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Peer mentors jumpstart ASU transition for former foster youth

Bridging Success Early-Start welcomes third cohort

ASU Bridging Success peer mentor chats with new ASU students

Bridging Success peer mentor Courtney Denton (center) a business law sophomore, talks to incoming freshmen Dawson Winslow (left) a biology major, and Kian Anderson, an exploratory student, as they explored the SunDevilSync site and researched potential ASU clubs and organizations to get involved with. Anderson said he’s looking into being a walk-on in track or cross country, and checking into intramural soccer and baseball.
Photo by Deanna Dent/ASU Now

August 25, 2017

Editor's note: Thirty new ASU freshmen and transfer students who started classes at the university last week took advantage of Bridging Success Early-Start. The six-day residential transition to college program, held Aug. 6–11, helps welcome alumni of foster care to the university and prepares them for success in their first–semester and beyond. ASU Now sat in on several afternoons of the program to get an inside look at the Early-Start experience and some of the ways that peer mentors help new students’ confidence unfold.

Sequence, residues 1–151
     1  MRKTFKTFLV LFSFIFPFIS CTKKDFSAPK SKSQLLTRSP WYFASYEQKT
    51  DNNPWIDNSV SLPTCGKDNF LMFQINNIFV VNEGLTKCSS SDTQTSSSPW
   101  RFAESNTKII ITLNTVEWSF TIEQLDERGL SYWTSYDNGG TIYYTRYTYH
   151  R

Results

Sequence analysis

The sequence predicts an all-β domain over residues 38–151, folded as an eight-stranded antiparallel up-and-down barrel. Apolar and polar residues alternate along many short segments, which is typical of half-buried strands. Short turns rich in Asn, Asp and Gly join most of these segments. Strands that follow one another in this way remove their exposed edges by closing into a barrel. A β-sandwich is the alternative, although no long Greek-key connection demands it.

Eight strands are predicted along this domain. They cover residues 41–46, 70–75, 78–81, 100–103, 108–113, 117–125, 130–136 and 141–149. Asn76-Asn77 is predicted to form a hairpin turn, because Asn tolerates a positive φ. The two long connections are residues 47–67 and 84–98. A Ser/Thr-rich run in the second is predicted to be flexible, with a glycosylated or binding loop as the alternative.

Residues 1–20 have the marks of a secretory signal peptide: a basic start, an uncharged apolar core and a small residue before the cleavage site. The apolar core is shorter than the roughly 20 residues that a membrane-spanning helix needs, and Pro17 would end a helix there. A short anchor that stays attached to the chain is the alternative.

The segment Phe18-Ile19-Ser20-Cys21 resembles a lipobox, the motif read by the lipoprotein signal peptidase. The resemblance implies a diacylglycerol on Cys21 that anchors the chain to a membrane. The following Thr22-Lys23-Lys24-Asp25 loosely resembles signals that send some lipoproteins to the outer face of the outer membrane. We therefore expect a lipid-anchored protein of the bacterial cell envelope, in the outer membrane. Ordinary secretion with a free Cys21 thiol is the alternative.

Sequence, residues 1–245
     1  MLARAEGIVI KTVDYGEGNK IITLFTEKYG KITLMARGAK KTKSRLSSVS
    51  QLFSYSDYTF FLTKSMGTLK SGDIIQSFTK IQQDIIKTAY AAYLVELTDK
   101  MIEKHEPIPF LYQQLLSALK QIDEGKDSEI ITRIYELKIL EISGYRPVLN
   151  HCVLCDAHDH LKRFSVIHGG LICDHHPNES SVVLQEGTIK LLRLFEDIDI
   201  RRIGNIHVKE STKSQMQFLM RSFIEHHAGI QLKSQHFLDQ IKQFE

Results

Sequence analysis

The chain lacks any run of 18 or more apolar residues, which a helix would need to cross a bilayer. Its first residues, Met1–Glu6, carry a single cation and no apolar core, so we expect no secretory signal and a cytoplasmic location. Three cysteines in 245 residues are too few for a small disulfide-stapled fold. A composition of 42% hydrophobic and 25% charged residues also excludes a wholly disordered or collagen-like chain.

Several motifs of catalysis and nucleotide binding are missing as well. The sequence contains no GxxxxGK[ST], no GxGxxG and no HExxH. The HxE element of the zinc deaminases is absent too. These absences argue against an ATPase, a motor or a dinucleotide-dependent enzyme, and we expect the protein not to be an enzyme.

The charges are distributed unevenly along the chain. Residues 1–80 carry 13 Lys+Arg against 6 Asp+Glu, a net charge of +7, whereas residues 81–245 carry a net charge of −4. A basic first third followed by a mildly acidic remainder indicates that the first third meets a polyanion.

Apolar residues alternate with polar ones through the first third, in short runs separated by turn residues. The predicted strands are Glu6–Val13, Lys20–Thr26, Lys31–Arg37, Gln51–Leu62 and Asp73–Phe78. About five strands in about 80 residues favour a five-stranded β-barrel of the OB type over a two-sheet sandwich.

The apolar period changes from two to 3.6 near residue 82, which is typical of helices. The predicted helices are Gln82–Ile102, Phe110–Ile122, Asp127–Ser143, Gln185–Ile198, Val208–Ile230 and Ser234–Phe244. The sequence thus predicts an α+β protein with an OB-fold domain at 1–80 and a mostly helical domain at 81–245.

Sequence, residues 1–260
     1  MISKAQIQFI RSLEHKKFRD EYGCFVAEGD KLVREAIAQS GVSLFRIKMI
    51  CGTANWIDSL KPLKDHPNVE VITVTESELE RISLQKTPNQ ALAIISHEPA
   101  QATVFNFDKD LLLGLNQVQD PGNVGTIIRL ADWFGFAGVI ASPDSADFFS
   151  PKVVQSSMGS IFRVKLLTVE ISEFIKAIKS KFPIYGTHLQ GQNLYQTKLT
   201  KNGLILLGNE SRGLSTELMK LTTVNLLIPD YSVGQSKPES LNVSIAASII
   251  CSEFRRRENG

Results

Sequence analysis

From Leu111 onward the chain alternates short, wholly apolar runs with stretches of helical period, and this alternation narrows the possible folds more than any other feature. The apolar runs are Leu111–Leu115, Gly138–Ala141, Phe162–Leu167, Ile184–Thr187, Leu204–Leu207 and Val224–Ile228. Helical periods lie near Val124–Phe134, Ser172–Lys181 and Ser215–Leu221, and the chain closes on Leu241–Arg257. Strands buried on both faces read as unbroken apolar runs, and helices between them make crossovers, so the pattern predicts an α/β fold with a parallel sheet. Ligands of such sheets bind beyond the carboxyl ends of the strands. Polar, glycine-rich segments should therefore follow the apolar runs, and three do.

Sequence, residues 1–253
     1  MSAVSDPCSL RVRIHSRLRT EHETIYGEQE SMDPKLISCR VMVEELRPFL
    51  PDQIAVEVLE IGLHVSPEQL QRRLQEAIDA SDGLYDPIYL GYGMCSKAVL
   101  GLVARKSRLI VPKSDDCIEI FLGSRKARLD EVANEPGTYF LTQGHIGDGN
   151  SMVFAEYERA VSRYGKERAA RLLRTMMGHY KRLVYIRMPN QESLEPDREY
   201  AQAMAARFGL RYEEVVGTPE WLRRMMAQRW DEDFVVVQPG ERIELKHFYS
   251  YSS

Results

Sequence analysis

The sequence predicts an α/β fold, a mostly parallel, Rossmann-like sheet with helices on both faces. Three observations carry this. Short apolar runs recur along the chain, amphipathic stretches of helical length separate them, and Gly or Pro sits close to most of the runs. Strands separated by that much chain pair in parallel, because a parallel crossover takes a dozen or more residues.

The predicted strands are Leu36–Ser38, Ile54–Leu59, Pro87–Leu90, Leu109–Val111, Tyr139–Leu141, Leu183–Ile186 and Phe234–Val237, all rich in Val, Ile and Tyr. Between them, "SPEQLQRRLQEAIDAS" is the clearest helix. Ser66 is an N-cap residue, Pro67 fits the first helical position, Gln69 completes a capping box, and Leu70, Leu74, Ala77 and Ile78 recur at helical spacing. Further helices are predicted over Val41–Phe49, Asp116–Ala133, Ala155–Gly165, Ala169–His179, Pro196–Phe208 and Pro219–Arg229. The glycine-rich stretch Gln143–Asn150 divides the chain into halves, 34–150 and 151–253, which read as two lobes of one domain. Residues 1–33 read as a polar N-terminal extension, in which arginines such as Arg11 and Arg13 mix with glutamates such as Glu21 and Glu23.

What was most challenging for you about starting college? 

What do you know now that you wish you’d known right from the start?

As ASU junior Cynthia Alaffa and sophomores Courtney Denton and Brittany Skaggs gave honest answers to these questions, as part of an opening panel for ASU’s Bridging Success Early-Start program, their audience in the Alumni Lounge of ASU’s Memorial Union grew exceptionally attentive.